Directed by Sachi Hamano
To tell the truth, I had the hope that my lodger would find me before I lost my beauty when I died alone.
What kind of person was Yukiko? What did she long for ?
While on a business trip to the town where he’d lived as a student, civil servant Kaoru Yusa learns that his landlady from 20 years earlier at "The Moonlight House," Yukiko Kawashima, has died alone of heatstroke at 90 years old.
Reading the news reminds him of the summer of his third year of college when two women – Yukiko and Onoda, another lodger – nearly suffocated him with their excessive doting.
After the death of her violent and parasitic son, Yukiko had opened up her living room as a kind of salon for her lodgers. Onoda, who worked as a telephone operator, became a regular and Kaoru soon was invited to join them.
Kaoru found Yukiko to be an extremely cultured and sophisticated lady and Onoda to be someone with complicated feelings about her family and work. When Kaoru half-jokingly mentions that he wants to become a novelist, the ladies enthusiastically offer their support.
Yukiko not only offers to feed Kaoru in the salon, but she even insists on delivering food directly to Kaoru’s room. She announces her desire to become his patron and starts sneaking him an allowance.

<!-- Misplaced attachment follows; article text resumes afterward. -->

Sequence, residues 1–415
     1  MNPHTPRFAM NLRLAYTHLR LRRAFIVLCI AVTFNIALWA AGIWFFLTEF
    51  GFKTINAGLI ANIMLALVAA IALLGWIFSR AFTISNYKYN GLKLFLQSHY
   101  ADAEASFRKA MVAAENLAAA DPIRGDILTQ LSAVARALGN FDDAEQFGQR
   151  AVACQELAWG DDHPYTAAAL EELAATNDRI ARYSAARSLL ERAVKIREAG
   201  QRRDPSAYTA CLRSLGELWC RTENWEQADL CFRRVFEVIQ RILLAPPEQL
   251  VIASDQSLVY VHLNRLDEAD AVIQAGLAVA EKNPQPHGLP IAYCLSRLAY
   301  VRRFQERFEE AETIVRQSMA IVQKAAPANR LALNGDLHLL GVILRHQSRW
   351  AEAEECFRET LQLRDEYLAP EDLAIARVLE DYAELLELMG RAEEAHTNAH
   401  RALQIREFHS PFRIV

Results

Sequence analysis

Onoda also promises to do whatever she can to help Kaoru become a novelist, offering him her body for sex. Onoda’s greatest desire is for the two of them to be adopted by Yukiko so that they can all live together as a non-blood related family.
Eventually, Yukiko’s kindness and Onoda’s fixation on him become torturous for Kaoru. At first, he thinks he can exploit this attention, but afer a while the magnitude of their desire and all the energy it takes scares him off and he flees.
Now, 20 years later, Kaoru heads back to visit "The Moonlight House." While checking Twitter on the train, he sees how many people are tweeting about what a nice landlady she’d been to them.
However, all the stories of Yukiko contradict what she told him. Kaoru wonders whether she would just tell people whatever they wanted to hear.
Maybe she enjoyed to fabricate this mix of reality and fantasy in an effort to strengthen relationships with her tenants because she was lonely?
After everything that went on at the house, Kaoru continues to have a hard time with women and is still single and living alone. He hears that Onoda still lives in the house and one day at the station she proudly walks right past him on her way back from Southeast Asia.